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Int J Cancer. 1992 May 28;51(3):355-8.

No influence of beta-carotene on smoking-induced DNA damage as reflected by sister chromatid exchanges.

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TNO Toxicology and Nutrition Institute, Zeist, The Netherlands.


The putative cancer-preventive potential of beta-carotene may be explained by its anti-oxidant capacity to prevent free-radical-induced DNA damage. To evaluate this hypothesis, we studied the effect of 14 weeks of beta-carotene supplementation on the frequency of sister chromatid exchanges (SCE) in lymphocytes in 143 heavy smokers in a randomized, double-blind, placebo-controlled intervention trial. Age, smoking habits and pretreatment blood levels of cotinine, beta-carotene, retinol and vitamins C and E were similar in the placebo group (n = 73) and the treatment group (n = 70). Plasma beta-carotene levels increased 13-fold in the treatment group during intervention, whereas the other parameters remained stable in both groups. Initial SCE levels were similar in the treatment and placebo groups (5.10 +/- 0.98 vs. 5.00 +/- 0.99 SCE/lymphocyte). During the intervention, both groups showed an almost identical decrease, and at the end of the intervention period there was no difference in SCE levels between the treatment and the placebo groups (4.37 +/- 0.38 vs. 4.24 +/- 0.37 SCE/lymphocyte). This study shows no protective effect of beta-carotene on DNA damage as reflected by sister chromatid exchanges in lymphocytes. Our results thus do not yield support for a cancer-preventive mechanism of beta-carotene involving this form of DNA damage. It cannot be excluded, however, that beta-carotene prevents other forms of smoking-induced DNA damage, affects other tissues, or is preventive in later stages of carcinogenesis.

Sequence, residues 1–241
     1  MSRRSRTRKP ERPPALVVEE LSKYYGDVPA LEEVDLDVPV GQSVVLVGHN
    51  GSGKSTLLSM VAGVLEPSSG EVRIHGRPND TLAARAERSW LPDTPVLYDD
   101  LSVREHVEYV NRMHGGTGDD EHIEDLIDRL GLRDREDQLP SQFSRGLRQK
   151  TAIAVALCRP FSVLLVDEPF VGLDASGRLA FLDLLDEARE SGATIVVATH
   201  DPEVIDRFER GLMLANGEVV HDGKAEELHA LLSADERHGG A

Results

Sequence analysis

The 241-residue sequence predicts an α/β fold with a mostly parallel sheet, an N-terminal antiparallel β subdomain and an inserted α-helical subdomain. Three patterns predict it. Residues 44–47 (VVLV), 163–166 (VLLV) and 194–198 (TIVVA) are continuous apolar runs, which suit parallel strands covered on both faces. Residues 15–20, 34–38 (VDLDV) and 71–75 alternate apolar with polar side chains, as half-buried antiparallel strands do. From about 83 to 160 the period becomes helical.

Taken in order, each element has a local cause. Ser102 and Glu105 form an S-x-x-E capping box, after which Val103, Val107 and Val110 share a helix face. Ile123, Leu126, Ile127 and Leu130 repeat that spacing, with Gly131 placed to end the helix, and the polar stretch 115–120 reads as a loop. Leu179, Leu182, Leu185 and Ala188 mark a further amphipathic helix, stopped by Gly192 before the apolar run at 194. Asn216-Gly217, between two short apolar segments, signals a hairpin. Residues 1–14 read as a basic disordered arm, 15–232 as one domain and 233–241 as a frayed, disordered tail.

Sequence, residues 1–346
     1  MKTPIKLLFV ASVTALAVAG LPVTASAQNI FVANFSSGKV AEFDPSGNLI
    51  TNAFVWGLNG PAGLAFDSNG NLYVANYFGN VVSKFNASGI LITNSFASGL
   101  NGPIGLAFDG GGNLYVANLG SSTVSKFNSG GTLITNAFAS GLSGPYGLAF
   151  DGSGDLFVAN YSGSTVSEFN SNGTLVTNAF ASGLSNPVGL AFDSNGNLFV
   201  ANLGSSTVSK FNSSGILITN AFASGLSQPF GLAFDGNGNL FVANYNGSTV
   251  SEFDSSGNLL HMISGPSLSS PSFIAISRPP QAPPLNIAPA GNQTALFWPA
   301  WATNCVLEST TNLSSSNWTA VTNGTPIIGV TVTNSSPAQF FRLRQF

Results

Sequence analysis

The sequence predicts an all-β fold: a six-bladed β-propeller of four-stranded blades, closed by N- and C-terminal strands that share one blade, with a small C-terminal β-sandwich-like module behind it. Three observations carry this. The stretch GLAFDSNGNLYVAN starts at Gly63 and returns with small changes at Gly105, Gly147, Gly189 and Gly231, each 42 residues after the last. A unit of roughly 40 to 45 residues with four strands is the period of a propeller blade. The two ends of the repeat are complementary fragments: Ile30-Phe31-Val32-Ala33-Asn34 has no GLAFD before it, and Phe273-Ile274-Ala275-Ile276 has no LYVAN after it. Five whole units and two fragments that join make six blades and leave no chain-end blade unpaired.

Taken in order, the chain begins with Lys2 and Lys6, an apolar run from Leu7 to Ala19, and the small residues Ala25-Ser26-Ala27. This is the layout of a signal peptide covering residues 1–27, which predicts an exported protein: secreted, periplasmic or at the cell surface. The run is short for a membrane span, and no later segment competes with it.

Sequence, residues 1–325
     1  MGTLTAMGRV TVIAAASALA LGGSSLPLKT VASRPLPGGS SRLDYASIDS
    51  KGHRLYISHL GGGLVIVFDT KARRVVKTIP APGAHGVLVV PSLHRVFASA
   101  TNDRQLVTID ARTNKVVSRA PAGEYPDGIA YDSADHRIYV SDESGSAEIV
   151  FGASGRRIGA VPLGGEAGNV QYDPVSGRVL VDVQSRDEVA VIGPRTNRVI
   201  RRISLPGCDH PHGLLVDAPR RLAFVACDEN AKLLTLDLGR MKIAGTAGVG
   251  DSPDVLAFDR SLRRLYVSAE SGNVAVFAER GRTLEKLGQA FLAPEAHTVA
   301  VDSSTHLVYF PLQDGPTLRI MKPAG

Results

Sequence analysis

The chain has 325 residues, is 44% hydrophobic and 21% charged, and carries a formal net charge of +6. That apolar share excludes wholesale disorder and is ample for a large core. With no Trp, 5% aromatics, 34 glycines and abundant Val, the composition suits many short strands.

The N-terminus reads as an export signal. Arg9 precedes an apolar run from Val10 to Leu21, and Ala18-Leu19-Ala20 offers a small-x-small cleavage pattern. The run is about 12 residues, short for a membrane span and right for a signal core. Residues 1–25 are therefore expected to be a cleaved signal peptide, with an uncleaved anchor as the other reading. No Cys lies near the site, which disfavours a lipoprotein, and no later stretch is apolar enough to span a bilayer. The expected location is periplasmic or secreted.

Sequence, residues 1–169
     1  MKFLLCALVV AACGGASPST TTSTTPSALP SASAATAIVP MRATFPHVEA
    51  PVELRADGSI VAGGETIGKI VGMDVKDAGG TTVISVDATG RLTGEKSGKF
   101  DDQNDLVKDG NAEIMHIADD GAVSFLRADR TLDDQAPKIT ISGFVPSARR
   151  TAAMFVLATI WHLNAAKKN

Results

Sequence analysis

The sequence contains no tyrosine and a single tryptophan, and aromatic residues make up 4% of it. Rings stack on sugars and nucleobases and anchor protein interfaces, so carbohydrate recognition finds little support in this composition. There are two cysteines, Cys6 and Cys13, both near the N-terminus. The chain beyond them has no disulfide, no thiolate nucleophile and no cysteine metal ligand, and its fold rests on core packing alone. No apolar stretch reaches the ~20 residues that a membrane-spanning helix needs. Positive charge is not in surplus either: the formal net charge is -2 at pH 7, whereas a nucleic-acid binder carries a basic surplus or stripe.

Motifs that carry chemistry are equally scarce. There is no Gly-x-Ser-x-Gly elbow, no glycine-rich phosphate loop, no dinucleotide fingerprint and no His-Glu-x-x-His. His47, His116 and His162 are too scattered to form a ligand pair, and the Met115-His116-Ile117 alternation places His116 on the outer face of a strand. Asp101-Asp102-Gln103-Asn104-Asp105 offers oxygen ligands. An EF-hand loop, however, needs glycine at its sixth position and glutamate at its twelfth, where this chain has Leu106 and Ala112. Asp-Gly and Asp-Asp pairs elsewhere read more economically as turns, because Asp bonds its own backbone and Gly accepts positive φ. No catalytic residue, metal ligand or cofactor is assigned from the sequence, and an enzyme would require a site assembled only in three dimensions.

[Indexed for MEDLINE]

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